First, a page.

Ruth 2:23 Parallel Verses [⇓ See commentary ⇓]

Ruth 2:23, NIV: So Ruth stayed close to the women of Boaz to glean until the barley and wheat harvests were finished. And she lived with her mother-in-law.

Ruth 2:23, ESV: So she kept close to the young women of Boaz, gleaning until the end of the barley and wheat harvests. And she lived with her mother-in-law.

Ruth 2:23, KJV: So she kept fast by the maidens of Boaz to glean unto the end of barley harvest and of wheat harvest; and dwelt with her mother in law.

Ruth 2:23, NASB: So she stayed close by the young women of Boaz in order to glean until the end of the barley harvest and the wheat harvest. And she lived with her mother-in-law.

Ruth 2:23, NLT: So Ruth worked alongside the women in Boaz's fields and gathered grain with them until the end of the barley harvest. Then she continued working with them through the wheat harvest in early summer. And all the while she lived with her mother-in-law.

Ruth 2:23, CSB: Ruth stayed close to Boaz's female servants and gathered grain until the barley and the wheat harvests were finished. And she lived with her mother-in-law.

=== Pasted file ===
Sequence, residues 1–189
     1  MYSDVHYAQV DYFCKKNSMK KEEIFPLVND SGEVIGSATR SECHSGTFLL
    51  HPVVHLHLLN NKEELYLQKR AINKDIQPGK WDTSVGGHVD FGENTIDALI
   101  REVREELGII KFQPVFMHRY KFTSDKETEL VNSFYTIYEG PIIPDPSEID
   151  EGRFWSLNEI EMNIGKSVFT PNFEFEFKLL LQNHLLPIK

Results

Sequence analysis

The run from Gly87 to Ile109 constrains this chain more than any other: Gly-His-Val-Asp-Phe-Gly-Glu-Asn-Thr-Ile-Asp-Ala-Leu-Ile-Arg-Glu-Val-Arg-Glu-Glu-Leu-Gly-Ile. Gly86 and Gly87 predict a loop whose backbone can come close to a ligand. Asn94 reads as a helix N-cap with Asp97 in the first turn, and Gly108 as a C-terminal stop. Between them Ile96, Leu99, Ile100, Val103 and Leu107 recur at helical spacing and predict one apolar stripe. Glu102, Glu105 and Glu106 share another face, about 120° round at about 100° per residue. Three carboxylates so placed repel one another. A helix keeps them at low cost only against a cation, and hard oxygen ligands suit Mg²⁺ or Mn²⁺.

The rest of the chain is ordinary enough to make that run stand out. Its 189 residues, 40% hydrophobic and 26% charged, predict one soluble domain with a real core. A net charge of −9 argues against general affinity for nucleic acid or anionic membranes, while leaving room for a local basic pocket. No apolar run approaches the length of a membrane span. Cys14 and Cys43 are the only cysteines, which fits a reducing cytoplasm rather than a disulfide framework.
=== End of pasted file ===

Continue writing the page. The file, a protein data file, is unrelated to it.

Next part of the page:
What does Ruth 2:23 mean? [⇑ See verse text ⇑]

This verse is the ending summary of chapter 2; Ruth 2:1–3 is the prologue. As the prologue states, Ruth gleans—scavenges dropped grain—from the fields of Boaz. Boaz has given her so many advantages that her first day of working resulted in almost thirty pounds, or thirteen kilograms, of barley grain.

Naomi and Ruth arrived in Bethlehem as the barley harvest started (Ruth 1:22). The barley harvest begins around Passover in the middle of April. Barley, in that era, was considered food for poor people and horses. After a month, the wheat is ready to harvest, culminating in the Festival of Weeks.

Two months of harvesting under Boaz's very generous conditions would have given the two women what they need for a year. Yet the end of the wheat harvest presents a problem: Ruth has no more excuses to see Boaz. Naomi's entire purpose for trying to send Ruth and Orpah home to their families was the hope they would find other husbands to give them "rest" (Ruth 1:9). Naomi thinks Boaz would fit the bill nicely, but she needs to move fast. When the harvest is complete, there's little chance for a well-respected landowner and a destitute foreign widow to meet (Ruth 3:1–5).